> solution may be better.
Uhm...it might sound as a naive question, but what do you mean with
> My use-cases mostly revolve around communication with a proprietary
> frontend and thus aren't useful to the community, which is why I haven't
> pursued this with any great vigor before this.
> I do have uses that convey information from LLVM analyses but
> unfortunately I can't share them for now.
> All of my use-cases are related to optimization. No "metadata" is
> needed for correctness.
> I have pondered whether intrinsics might work for my use-cases. My fear
> with intrinsics is that they will interfere with other codegen analyses
> and transformations. For example they could be a scheduling barrier.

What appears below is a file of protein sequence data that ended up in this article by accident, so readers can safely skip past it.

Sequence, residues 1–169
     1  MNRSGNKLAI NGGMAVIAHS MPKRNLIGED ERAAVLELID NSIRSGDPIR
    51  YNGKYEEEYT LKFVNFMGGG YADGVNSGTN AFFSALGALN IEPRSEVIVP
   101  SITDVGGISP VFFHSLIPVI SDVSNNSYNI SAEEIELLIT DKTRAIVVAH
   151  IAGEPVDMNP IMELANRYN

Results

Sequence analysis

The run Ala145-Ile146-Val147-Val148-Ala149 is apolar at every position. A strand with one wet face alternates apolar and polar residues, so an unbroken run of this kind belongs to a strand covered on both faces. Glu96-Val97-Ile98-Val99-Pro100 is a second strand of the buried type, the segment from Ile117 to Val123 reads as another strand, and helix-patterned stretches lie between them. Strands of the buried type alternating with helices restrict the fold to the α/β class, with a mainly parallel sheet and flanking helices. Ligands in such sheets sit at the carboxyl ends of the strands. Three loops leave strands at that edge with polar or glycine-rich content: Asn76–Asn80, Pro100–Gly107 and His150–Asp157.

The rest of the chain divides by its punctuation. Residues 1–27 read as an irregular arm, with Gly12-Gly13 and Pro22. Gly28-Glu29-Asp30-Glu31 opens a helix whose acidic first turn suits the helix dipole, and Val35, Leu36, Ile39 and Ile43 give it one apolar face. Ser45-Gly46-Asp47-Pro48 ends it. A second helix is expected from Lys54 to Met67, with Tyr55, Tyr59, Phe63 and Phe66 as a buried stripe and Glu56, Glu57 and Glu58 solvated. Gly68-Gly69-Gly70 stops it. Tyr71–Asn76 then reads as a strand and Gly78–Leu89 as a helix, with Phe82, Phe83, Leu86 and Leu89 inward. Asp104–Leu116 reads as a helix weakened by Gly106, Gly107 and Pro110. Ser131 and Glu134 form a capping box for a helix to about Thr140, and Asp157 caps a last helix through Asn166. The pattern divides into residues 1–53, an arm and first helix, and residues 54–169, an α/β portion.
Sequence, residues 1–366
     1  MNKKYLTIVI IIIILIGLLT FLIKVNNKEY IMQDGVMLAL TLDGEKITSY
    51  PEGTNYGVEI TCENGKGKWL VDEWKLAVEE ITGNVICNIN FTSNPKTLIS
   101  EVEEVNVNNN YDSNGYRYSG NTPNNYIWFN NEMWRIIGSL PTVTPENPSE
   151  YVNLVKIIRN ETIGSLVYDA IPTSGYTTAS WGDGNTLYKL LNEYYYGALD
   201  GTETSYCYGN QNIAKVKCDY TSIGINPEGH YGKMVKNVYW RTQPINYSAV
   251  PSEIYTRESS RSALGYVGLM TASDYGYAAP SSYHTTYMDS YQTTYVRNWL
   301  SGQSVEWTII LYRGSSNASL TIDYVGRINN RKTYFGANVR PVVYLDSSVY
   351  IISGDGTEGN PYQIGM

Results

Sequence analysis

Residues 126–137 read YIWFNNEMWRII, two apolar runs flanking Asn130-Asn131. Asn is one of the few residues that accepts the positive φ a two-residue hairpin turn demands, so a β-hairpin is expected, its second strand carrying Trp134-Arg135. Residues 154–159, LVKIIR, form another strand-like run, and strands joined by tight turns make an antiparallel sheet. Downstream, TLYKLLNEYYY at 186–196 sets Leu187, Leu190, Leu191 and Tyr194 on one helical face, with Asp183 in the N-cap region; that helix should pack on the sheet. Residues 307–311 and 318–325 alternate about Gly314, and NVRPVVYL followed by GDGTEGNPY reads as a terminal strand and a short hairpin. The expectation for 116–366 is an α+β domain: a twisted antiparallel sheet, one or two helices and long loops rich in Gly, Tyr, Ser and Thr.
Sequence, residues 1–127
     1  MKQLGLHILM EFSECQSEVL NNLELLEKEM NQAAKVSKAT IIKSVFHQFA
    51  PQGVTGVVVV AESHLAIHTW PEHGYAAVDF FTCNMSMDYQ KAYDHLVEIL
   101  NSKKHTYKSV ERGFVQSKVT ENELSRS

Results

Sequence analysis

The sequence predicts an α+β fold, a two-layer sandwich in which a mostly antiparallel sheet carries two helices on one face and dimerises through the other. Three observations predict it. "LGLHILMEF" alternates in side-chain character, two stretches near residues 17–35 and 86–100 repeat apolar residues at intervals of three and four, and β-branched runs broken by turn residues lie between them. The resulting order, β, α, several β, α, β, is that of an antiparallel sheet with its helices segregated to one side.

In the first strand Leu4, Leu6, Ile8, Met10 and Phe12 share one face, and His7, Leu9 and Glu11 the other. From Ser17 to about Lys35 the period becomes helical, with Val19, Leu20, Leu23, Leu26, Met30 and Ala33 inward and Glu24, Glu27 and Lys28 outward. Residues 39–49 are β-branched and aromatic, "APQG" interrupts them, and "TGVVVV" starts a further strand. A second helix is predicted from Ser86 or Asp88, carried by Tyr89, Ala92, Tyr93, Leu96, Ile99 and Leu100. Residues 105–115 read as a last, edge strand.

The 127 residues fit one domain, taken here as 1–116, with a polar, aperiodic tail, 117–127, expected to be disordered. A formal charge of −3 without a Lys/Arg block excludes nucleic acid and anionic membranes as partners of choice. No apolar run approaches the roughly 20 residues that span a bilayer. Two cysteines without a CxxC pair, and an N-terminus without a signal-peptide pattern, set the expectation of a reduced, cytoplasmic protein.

> I also have wondered about how intrinsics work within SelectionDAG. Do
> they impact dagcombine and other transformations? The reason I call out
> SelectionDAG specifically is that most of our downstream changes related
> to conveying information are in DAG-related files (dagcombine, legalize,
> etc.). Perhaps intrinsics could suffice for the purposes of getting
> metadata through SelectionDAG with conversion to "first-class" metadata
> at the Machine IR level. Maybe this is even an intermediate step toward
> "full metadata" throughout the compilation.
I employed intrinsics as a mean for carrying metadata, but,
by my experience, I am not sure they can be resorted as a valid alternative:
- For each llvm-ir instruction employed in my project (e.g., store), a
equivalent intrinsic is declared, with particular parameters representing
metadata (i.e., first-class metadata are represented by specific
- During the lowering, each ad-hoc intrinsic must be properly handled,